MP: I guess it was inevitable. Our work is like painting and sculpting but with new technologies. And one of the key things with new technologies like motion tracking, motion sensor et cetera, is that it’s all about human movement. Technology now is no longer about pressing buttons or keys on a keyboard, it’s about expressing things with your hands and body. So yeah, it feels inevitable we’d work together.
SXH: Can you tell us a bit about the upcoming installation with Nike?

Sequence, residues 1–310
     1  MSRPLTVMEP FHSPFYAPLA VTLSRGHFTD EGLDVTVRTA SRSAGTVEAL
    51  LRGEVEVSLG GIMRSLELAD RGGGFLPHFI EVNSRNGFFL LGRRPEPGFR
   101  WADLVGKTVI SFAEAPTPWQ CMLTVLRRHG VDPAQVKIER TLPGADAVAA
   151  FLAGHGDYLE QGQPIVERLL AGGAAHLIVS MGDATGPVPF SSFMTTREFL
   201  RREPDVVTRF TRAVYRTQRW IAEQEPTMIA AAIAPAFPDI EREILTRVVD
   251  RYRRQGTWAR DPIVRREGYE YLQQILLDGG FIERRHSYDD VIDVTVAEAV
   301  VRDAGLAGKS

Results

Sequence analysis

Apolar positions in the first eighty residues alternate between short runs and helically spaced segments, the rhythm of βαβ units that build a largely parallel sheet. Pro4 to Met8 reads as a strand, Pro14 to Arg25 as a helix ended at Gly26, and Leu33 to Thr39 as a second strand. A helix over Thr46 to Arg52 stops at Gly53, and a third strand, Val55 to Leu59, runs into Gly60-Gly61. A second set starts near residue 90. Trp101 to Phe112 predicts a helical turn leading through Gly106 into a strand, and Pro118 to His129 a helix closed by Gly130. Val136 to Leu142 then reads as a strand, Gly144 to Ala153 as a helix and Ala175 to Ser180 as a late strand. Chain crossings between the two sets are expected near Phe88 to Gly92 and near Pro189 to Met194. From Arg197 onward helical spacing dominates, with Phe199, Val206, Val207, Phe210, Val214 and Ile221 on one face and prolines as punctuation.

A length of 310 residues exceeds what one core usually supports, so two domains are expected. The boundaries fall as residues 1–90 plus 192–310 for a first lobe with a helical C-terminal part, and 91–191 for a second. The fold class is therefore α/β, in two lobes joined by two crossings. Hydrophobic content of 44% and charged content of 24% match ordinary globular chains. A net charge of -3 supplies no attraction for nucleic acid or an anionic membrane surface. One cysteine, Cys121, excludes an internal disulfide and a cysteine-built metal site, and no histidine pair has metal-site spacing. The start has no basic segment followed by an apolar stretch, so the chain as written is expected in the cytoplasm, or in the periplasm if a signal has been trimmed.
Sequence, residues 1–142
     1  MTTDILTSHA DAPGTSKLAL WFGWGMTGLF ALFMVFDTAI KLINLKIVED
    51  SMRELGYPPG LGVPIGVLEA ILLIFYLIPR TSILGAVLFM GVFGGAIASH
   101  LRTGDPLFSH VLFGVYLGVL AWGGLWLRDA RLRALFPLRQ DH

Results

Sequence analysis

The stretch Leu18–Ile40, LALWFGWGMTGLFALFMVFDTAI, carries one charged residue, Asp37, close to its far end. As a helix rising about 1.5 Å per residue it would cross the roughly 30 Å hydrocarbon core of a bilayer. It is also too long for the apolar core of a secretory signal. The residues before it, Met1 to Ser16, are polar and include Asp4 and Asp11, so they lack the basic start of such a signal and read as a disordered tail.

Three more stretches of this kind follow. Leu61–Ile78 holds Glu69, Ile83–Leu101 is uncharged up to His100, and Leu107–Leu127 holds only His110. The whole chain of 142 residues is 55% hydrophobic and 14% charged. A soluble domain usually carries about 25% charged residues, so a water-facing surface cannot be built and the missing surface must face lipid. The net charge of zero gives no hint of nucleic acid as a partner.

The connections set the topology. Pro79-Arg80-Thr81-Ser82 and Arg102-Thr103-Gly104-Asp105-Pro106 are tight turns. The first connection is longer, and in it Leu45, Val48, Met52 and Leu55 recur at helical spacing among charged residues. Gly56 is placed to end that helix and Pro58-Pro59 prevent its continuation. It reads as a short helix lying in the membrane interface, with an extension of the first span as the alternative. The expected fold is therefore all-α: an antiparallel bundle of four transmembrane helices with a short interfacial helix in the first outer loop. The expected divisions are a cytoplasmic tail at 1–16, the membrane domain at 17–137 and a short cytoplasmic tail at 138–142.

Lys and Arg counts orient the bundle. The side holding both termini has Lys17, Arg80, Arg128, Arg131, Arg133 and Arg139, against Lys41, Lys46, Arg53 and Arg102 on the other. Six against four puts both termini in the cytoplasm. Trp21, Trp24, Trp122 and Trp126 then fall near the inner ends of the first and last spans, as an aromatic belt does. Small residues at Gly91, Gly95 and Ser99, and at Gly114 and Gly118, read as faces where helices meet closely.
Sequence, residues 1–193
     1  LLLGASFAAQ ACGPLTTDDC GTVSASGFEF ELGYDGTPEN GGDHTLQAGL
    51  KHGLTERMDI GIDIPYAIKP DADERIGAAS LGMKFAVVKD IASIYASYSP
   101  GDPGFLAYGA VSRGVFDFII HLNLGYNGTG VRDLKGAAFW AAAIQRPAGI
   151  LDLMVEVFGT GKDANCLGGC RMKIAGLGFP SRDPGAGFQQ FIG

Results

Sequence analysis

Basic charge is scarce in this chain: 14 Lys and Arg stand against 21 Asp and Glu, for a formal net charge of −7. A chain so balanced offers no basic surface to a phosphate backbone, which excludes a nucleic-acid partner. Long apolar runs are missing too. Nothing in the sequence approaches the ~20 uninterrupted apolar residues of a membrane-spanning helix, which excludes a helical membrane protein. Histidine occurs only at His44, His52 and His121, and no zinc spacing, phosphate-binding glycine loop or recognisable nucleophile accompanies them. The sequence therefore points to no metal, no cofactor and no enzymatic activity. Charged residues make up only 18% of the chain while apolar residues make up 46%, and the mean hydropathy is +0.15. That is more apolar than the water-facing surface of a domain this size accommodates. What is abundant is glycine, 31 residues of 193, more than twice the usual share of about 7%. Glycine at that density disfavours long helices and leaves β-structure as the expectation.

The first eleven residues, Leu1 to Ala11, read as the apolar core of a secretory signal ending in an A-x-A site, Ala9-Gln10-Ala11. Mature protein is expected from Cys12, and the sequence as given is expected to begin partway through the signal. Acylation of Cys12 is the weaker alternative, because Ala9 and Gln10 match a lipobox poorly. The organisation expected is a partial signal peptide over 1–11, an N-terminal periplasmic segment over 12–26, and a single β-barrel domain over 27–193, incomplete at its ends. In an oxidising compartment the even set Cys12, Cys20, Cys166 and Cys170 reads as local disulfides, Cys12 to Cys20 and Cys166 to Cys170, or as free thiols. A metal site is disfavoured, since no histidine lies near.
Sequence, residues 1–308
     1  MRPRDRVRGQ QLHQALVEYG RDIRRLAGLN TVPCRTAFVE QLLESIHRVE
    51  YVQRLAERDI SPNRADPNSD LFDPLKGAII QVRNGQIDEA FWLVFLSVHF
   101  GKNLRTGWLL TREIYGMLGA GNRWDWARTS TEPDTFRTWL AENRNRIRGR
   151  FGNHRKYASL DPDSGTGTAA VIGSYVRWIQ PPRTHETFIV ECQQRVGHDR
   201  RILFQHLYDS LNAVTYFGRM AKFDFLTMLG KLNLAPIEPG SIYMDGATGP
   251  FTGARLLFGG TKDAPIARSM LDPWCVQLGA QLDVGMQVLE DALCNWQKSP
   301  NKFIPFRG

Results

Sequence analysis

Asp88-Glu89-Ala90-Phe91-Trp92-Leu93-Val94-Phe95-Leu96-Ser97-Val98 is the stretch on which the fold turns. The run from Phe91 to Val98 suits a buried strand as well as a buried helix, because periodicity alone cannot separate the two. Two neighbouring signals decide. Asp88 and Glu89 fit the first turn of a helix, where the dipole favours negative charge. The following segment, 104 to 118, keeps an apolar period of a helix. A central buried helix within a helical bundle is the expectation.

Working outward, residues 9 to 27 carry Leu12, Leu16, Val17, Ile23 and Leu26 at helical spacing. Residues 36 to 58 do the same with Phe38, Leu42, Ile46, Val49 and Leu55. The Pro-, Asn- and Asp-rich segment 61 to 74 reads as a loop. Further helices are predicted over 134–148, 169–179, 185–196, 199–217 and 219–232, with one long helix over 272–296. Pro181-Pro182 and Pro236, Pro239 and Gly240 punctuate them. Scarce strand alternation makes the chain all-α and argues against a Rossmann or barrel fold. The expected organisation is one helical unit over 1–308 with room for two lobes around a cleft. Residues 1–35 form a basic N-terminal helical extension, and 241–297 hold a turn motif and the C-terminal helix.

MP: So we’re one of four artists in the set – there’s some really nice stuff alongside us. Our piece is a four-screen installation – a cube. There are four facets, which are effectively four different behaviours. So you can walk up to one screen and get a real wild, abstracted behaviour, where the colour palette and threads are behaving in a very abstract way but you can still sense your body’s presence and how it’s causing the effect on the screen. Another one is far more intricate; blue and white threads making a dense matrix pattern. Another screen is very flowing and rewards you for making big body movements and the final one is a red, green and blue palette that rewards you for staying as still as possible. The more still you can stay still, the longer your impression stays on the screen. It’s basically a two way conversation – cause and effect – between visitor interaction and how the software responds to that. The ideal outcome is that the public go around all four sides of the installation and it triggers different behaviours in them, so that they move their bodies in different ways according to the conversation they’re having with the screen.